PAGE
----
And to mark February 14, the most romantic day of the year, we rounded up 14 reasons to love Sunderland, from its proud industrial heritage to its award-winning coastline and landmark structures.
1. Our industrial heritage
Wearside's rich industrial history has left its mark and made Sunderland the city it is today. The River Wear was once at the heart of the shipbuilding industry and helped Sunderland become the biggest shipbuilding town in the world at one stage. Pictured here from our archives are identical twins George, left and Arthur Bulmer tipping their caps in farewell on their retirement from the Southwick shipyard of Austin and Pickersgill on April 27, 1974.
Photo: Sunderland Echo
2. Roker Pier
In 2018 Historic Roker Pier was named as one of the top 10 piers in the world. Readers of The Guardian put the Grade II-listed pier up alongside piers in California, Western Australia, Thailand, Cuba, South Africa, Holland, two piers in Poland and closer to home, Clevedon in Somerset as their favourites. The pier and lighthouse was hailed as a triumph of Victorian engineering when it first opened in the early 1900s. Built between 1885 and 1903 by Henry Hay Wake who was Chief Engineer with the River Wear Commissioners, its beam of light was reputedly visible 15 miles out to sea. The pier tunnel and lighthouse was given a new lease of life recently following a £2.5million restoration by the city council, funded with the help of the National Lottery.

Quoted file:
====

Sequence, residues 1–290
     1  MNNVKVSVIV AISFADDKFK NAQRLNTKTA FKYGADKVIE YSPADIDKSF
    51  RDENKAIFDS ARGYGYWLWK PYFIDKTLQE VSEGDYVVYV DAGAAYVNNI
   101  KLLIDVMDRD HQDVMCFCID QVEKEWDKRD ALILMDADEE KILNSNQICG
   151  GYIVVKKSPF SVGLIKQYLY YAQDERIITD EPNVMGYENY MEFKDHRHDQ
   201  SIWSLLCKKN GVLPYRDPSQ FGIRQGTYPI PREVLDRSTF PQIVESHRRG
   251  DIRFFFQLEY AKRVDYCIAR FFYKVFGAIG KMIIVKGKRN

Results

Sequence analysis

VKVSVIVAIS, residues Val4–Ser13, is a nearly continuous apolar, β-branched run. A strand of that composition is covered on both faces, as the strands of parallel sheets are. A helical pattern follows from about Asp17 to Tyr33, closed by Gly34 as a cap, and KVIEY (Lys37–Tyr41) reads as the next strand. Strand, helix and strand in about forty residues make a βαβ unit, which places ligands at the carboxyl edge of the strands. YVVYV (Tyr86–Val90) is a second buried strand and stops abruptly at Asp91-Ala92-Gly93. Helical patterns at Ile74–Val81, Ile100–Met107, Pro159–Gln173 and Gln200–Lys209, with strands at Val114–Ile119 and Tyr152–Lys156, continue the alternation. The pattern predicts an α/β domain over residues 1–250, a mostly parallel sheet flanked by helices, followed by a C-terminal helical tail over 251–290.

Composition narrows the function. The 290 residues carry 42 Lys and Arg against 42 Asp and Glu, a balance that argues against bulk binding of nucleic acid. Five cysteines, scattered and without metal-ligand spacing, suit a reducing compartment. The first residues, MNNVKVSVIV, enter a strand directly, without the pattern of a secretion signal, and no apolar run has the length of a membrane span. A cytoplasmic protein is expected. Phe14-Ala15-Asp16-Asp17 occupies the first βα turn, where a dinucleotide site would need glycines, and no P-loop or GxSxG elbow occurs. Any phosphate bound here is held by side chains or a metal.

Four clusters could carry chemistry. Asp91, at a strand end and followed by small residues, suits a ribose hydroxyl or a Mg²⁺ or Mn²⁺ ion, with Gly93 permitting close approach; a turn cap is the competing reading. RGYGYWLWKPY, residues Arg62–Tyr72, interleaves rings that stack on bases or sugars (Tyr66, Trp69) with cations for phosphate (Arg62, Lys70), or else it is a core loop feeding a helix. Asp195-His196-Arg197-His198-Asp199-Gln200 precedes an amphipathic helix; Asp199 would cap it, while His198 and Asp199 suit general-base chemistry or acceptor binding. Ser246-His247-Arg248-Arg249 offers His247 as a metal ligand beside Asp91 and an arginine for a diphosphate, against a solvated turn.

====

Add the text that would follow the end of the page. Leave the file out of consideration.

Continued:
Photo: Frank Reid
3. SAFC - and its fans
At times it can be heartbreaking, but being an SAFC fan can also bring moments of pure elation. The passion of the club's fans has been immortalised in Netflix series Sunderland 'Til I Die bringing the city's love of its club to a global audience.
Photo: Frank Reid
4. Sunderland Museum & Winter Gardens
With a history dating back to 1846, Sunderland Museum & Winter Gardens has been at the heart of Sunderland's cultural activity for decades. As well as permanent attractions, such as the biggest collection of LS Lowry works outside of Salford and Sunderland icon Wallace the Lion, it plays host to big name touring collections and is often chosen over more high-profile galleries to host such works. Recent successes have included Turner Prize winner Grayson Perry's Vanity of Small Differences which attracted 123,000 visitors in 2013 and Leonardo Da Vinci: A Life in Drawing in 2019 which featured 12 sketches from the Italian Master.
Photo: JPI Media